The Cribs live in London
- By Jack Preston -
- Mar 02, 2012
There’s something endearing about Shane Meadows’ ramshackle bunch of creations that make up the This Is England gang. They’re not cool, they’re not particularly clever, but they do know how to have a good time. There’s something about them to which you can relate, if nothing else they’re very everyman.
Thankfully all these notions can also be applied to This Many Boyfriends. “Fucking hell, we’re supporting The Cribs, this is mad,” confessed huggable singer Richard Boyfriend [you know what, I don’t think that’s his real name].
While clearly being the biggest gig of the band's short lifespan it was good to see the Boyfriends taking it all with good humour. Belting out their lively, fun-pop tunes, with questionable skill, whilst waving their homemade ‘Go Pop!’ placards at the crowd - before comically seeing them snap under the strain.
Their set was about as far from polished as you could imagine but that’s not their shtick; it’s fun, it’s lively and it’s their ‘yeah, I could do that too if I fancied’ appeal that made the crowd warm to them. A perfect fit for a Cribs support band but perhaps one you might think would have fared better during the indie boom of the late noughties, not that the apparent death of guitar music has affected the brothers Jarman.
“Yeah, I just acted like a rock star. You can’t deny me that though, surely? I’ve been putting it off for the last ten years,” explained Ryan Jarman’s broad smile. The charismatic Crib had just led a hand clap, encouraged a sing-a-long, mounted an amp and played a completely pointless, albeit thoroughly enjoyably, guitar solo.
Not the sort of behaviour you’d usually expect from the self-styled kings of indie melancholia. “We’re sweeping the fucking board at The Brits next year,” joked Ryan, before brother Gary Jarman interjected with a suggestion of “most melancholic band?”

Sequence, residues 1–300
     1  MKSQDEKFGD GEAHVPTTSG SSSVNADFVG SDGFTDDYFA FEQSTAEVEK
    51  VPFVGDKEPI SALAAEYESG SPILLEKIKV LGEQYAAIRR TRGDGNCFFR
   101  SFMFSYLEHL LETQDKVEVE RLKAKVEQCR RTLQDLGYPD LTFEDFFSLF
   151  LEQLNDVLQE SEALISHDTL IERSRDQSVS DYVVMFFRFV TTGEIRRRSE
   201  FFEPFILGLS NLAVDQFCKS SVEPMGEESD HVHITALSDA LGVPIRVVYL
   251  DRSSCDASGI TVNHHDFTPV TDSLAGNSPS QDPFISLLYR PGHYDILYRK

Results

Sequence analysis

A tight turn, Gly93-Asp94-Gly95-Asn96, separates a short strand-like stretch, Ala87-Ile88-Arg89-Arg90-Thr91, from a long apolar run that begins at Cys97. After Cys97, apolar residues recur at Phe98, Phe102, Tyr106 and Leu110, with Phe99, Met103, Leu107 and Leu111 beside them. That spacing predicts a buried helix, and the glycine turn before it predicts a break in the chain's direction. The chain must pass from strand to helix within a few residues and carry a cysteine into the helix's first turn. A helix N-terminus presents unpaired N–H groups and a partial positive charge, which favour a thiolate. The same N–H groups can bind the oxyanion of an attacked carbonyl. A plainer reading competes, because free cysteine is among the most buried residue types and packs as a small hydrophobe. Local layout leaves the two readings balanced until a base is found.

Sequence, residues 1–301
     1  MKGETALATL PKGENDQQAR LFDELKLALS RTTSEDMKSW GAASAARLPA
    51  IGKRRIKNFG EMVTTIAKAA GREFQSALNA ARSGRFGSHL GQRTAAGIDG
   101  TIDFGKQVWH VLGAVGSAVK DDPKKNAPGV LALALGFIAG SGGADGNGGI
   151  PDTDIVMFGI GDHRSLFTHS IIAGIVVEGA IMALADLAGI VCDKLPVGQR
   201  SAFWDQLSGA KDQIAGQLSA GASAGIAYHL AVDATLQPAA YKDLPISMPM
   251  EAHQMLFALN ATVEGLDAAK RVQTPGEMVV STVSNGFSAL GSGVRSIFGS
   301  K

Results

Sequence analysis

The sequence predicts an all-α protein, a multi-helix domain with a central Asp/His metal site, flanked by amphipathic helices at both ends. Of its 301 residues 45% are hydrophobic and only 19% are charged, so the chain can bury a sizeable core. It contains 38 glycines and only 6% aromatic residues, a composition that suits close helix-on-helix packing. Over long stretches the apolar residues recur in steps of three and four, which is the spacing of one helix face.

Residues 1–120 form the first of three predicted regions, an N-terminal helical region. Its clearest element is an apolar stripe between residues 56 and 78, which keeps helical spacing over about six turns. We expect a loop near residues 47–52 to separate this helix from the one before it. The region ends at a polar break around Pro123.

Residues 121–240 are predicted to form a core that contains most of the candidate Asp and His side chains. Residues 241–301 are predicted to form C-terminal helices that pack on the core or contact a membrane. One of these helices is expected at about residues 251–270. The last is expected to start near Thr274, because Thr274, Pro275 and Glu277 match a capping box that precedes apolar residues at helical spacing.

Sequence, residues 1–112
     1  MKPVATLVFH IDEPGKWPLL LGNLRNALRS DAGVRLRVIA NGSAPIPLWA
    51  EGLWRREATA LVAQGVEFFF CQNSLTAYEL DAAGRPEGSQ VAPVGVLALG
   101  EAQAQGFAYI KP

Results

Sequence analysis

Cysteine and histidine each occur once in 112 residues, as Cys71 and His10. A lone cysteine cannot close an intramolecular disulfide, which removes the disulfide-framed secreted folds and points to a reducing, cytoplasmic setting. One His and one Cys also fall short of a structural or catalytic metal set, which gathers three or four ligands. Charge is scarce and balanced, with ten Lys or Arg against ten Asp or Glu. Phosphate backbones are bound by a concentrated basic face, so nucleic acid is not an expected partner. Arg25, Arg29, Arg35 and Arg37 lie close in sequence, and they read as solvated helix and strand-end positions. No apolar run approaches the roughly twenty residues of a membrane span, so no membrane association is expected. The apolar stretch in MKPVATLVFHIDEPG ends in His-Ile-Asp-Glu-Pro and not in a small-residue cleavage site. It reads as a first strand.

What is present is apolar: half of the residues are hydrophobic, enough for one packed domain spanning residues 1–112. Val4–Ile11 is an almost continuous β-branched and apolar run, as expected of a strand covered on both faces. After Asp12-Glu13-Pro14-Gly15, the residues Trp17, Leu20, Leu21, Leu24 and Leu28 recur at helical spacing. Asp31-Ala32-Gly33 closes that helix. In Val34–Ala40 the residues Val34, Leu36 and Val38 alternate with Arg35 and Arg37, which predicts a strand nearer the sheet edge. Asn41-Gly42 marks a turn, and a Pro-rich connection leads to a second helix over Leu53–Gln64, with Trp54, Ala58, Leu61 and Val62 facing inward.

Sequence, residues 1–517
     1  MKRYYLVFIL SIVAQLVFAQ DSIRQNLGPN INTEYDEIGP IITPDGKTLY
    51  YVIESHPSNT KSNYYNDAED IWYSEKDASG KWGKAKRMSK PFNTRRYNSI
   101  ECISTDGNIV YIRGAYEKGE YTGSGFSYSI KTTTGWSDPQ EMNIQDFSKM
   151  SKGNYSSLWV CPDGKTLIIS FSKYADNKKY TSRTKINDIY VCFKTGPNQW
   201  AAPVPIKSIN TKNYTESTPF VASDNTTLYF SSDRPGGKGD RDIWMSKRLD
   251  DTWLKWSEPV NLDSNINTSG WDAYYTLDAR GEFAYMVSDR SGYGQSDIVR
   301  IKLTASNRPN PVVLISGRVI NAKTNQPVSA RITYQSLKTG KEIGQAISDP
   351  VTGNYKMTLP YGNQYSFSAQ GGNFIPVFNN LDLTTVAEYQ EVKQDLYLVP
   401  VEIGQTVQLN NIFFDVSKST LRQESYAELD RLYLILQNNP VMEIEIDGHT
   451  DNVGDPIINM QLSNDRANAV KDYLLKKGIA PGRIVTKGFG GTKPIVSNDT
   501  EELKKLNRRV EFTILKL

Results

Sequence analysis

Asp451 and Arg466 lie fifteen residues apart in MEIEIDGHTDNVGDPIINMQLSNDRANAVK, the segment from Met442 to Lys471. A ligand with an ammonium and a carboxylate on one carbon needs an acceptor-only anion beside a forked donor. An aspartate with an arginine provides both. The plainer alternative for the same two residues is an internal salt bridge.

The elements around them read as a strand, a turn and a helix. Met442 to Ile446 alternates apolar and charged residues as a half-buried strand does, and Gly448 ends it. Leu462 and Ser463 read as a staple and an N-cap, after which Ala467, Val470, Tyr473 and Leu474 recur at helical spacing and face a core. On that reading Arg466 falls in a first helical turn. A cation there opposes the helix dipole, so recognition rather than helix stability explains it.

“No, most weed smoked in 2011,” retorted Ryan. The Cribs were in a particularly jovial mood on a mild spring night in The University of London’s student union, being starved of live action since 2010 had clearly taken its toll. Coming out on stage like caged animals, Ryan led the charge with a raucous rendition of ‘I’m a Realist’ – never before has a singer stamped his foot so furiously during a song.
With the abundance of enthusiasm on stage it was impossible for the crowd to not mirror the behaviour of their Wakefield darlings, with favourites such as ‘Another Number’ and ‘Hey Scenesters’ getting the masses into a healthy bounce - resulting in a plentiful spill of student union beer.
With all the fervour it was easy to forget the reason for the band’s four date sojourn, that being the airing of new material. The good news is that, and you’d have to assume Cribs fans will view it as such, is that it very much seems to be a case of ‘as you were’, even with Smiths legend Johnny Marr now departed.
With Ryan informing the crowd he had recently relocated to his homeland up north, leaving London in the process, it points to a continuance of the values and musical pillars that have seen them build such a healthy career, outliving so many of their peers in the process.
The only negative to take away was the disjointedness of some of the songs, however, such humps can be accepeted given the raft of new material and two years out of the game. Drawing the show to a close with the quite sublime ‘Be Safe’ Ryan was keen to point out: “we still don’t do encores by the way, we ain’t changed that much.” The Cribs are back and thank fuck for that.